While it may be challenging to do a funeral for someone I don’t know, doing the funeral for someone I know and love takes the journey to a whole new level. My sorority sister, Suzy, died a week ago Sunday after a fierce and courageous battle against cancer. From the beginning of her fight I understood my role. Because she told me what it was going to be. She was very direct like that. Soon after her diagnosis she called and said “I’m going to need you.” She had so many friends, who were closer to her than me, friends who supported her in ways I never could. But, and I think out of protection for them, she counted on me for those difficult conversations. The ones she knew would be hard on her loved ones. The ones about death and dying, her fears and feelings. Approaching the hour when I would speak at her service I wondered about what to say. There were so many people who knew her better. And so many people who would be hurting, waiting for a word of comfort. Saturday morning before leaving for Austin where the service would be held at her church, it came to me that I was not supposed to recount her life, the life others knew so intimately. But that I was to lift up the lessons of life she exemplified so well. I was supposed to lift up the gift of her life. God knew so much better than I did what needed to be said and I am glad I trusted in that. (Why don’t I always trust like that?)
Here’s the thing. The reason I am writing this post after a month of writing nothing. The “cud” I am chewing today. Everything I have told you about what I have had the opportunity to do over the last month are things pastors do. Pastors baptizing, pastors officiating weddings, and pastors honoring the completion of one’s baptism that comes in death. Pastors who are employed by a church, that is. And, over the last six months I have settled in quite nicely to the life of “not” being a pastor. I haven’t preached a sermon (although my family thinks I’m a little too preachy from time to time), attended a meeting or one pot luck supper or talked about budgets, or anything in an official capacity. And, I am not a part of a worshiping community. Or so I thought.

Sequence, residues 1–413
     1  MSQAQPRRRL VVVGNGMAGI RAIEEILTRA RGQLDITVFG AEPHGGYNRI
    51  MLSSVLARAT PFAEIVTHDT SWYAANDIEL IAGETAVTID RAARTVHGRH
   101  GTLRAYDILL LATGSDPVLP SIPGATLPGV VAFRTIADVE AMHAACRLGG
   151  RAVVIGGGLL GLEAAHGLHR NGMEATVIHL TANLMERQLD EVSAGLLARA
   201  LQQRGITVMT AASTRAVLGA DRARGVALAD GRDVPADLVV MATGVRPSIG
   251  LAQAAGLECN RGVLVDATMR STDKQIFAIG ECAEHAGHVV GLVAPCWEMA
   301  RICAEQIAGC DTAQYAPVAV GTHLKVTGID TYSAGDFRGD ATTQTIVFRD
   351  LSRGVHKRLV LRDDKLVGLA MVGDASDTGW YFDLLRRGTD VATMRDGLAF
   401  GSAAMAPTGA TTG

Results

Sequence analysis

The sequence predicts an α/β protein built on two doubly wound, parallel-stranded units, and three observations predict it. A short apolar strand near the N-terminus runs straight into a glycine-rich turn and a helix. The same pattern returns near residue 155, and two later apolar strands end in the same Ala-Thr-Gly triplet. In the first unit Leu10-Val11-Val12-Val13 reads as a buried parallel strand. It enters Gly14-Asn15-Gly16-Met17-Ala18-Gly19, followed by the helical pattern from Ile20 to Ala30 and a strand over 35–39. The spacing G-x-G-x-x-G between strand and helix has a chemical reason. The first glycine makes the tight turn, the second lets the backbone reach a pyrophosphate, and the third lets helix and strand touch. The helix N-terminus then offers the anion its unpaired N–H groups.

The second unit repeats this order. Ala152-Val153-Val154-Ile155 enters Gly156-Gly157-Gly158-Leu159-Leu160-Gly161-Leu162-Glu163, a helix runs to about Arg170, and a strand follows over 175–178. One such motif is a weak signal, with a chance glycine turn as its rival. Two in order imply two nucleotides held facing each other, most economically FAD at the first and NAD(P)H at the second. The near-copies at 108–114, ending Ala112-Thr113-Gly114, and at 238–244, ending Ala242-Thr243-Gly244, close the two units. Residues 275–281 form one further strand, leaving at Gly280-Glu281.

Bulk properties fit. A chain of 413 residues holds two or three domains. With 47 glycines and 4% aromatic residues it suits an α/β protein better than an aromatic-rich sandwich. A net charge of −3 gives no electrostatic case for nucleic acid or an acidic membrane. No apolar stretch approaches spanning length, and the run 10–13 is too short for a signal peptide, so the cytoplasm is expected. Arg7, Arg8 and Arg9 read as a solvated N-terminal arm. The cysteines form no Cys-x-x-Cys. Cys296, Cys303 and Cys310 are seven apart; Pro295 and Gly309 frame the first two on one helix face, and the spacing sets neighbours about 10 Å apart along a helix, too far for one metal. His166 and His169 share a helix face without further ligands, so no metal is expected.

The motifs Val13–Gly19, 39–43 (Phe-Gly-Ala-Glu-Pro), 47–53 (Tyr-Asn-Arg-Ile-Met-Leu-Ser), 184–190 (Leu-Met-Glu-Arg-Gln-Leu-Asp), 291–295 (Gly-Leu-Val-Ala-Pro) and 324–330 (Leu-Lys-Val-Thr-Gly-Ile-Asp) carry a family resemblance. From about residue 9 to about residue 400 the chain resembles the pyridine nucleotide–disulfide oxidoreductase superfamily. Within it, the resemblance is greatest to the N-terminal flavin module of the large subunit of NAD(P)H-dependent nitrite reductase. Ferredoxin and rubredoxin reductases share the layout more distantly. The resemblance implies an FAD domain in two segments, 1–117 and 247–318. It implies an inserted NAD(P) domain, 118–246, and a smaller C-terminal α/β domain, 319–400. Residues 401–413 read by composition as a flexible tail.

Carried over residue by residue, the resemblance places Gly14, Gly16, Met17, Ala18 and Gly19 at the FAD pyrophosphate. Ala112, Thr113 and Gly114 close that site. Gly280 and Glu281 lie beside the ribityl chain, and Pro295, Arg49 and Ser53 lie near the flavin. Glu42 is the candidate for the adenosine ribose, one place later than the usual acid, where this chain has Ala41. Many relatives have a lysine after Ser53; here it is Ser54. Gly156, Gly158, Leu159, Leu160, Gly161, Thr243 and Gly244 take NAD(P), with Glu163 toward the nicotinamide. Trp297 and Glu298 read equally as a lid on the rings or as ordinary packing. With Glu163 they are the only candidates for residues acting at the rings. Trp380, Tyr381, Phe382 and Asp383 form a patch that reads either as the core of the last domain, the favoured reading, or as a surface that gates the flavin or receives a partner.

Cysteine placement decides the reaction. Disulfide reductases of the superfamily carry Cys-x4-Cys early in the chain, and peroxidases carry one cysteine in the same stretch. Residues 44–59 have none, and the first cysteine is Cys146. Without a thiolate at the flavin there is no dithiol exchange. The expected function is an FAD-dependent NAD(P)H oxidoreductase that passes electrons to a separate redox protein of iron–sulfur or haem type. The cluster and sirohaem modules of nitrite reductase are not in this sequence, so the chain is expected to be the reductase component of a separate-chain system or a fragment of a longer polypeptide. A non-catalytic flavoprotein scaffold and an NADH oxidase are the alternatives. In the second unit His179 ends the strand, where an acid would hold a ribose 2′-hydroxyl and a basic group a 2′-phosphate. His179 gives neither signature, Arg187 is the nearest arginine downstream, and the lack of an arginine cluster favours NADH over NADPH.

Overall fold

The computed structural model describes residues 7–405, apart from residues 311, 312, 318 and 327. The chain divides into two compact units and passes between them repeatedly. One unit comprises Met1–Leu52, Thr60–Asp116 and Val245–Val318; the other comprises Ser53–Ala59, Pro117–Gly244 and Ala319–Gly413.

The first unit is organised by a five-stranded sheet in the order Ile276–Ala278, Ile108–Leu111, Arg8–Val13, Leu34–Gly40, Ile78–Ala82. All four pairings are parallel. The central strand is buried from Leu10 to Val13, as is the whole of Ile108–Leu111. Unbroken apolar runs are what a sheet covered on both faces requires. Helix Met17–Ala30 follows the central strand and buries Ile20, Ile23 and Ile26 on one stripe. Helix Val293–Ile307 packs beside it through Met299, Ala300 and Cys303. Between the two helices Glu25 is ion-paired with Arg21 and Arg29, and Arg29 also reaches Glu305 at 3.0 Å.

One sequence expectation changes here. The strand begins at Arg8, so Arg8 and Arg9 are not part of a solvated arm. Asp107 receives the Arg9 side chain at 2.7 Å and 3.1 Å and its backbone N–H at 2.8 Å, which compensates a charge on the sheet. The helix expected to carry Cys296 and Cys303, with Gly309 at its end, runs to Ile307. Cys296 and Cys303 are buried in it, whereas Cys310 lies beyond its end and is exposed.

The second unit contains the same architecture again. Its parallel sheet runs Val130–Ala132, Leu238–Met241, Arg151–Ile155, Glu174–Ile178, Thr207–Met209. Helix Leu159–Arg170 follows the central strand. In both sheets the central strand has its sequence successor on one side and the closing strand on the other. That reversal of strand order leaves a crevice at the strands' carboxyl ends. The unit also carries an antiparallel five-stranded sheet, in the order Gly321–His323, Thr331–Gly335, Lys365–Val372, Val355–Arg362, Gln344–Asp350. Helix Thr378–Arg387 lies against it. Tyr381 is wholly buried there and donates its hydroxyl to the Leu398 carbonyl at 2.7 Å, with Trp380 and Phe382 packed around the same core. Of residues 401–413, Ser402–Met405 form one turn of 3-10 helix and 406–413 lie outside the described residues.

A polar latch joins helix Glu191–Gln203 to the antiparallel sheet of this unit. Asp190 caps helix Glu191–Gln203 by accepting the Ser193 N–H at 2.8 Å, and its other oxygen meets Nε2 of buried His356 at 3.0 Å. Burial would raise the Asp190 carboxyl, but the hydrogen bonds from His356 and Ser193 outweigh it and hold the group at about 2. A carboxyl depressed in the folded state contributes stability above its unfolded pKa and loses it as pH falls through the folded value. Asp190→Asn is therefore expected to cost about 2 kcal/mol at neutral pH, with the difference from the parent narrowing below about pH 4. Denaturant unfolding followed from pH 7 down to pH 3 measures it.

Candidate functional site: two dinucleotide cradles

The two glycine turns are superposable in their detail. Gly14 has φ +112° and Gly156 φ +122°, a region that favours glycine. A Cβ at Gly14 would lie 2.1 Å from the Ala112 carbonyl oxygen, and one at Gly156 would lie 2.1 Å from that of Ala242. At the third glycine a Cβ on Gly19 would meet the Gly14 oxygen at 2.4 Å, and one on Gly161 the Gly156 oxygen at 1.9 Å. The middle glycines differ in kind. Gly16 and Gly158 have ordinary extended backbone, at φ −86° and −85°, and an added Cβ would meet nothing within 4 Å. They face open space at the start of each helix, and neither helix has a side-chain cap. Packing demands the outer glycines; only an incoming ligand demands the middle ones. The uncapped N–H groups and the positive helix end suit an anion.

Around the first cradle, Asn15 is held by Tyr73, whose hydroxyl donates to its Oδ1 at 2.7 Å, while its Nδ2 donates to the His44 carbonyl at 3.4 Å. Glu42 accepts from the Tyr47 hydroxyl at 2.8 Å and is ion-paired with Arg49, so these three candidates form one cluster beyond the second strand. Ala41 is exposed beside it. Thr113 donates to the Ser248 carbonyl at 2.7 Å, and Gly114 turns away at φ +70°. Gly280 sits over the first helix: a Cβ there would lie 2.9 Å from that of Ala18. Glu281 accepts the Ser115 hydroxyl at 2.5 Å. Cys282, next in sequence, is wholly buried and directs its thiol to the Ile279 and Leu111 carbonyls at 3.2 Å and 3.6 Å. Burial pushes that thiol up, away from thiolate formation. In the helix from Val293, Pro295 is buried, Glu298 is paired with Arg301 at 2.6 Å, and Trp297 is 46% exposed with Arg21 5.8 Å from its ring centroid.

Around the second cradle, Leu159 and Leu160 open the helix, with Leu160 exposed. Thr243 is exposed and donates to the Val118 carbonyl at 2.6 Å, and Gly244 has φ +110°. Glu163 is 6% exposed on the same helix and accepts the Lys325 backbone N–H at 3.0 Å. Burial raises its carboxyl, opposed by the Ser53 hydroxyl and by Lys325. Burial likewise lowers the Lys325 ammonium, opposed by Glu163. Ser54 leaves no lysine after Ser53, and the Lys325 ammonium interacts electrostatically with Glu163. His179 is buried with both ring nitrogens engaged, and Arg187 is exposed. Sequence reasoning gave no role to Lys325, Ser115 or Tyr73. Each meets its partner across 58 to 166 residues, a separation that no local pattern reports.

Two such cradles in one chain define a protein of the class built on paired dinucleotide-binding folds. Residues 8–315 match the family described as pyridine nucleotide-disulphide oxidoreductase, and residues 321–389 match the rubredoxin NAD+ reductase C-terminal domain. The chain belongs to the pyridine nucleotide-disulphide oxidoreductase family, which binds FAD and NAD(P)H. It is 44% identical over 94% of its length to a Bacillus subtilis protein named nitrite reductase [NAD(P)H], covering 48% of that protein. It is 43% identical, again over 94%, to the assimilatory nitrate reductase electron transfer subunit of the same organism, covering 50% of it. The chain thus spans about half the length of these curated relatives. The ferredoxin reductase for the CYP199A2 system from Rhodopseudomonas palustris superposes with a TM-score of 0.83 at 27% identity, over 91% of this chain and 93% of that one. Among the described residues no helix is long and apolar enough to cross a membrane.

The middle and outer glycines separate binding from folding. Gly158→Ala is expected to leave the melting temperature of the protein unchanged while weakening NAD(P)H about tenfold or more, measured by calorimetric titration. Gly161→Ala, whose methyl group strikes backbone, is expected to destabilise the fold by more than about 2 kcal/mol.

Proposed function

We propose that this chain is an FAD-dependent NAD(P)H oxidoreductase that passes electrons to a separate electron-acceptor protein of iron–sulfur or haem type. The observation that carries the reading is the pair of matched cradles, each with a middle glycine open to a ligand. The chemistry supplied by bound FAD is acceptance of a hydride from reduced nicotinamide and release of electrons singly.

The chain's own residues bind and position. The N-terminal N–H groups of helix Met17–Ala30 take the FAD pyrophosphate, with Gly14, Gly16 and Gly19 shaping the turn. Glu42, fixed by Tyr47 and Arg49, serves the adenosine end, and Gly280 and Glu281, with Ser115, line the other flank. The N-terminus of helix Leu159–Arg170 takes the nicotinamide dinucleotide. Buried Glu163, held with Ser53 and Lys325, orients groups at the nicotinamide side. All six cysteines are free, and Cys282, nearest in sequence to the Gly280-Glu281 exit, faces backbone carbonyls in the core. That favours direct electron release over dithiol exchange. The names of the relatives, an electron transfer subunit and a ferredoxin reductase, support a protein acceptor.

This past month has taught me on a deeper level than I ever realized before what constitutes the “call”, and in ways that I probably would not have received had I still been serving in an official capacity at a church. Pastoring has more to do with a willingness to be available than the terms of a contract. Pastoring has more to do with being deployed into service by God and for God than being employed by an organization. Maybe my call is meant to be more about living out my baptism than trying to live up to my denominational ordination. Maybe I don’t have to try to be something other than what God has already declared me to be. In the place where he has put me. With the people he’s put in my path. And maybe, one of these days, I’ll finally get that.
And, if this is true, is not the same truth available for all of us? When Jesus was baptized, God’s Spirit descended upon him as a dove and God declared him as his beloved child, naming a truth that was already eternally true. Doesn’t God do the same for us in our baptism? Isn’t that simply the outward declaration of a truth that was already there and will always be there? Declared beloved. Declared to have purpose. Declared to be. How can I expect my grandchild to live out her baptism if I am blind to my own?
What about you? Is there something you are striving for the world to recognize in you that God has already declared you to be?
You are beloved.
Something to chew on….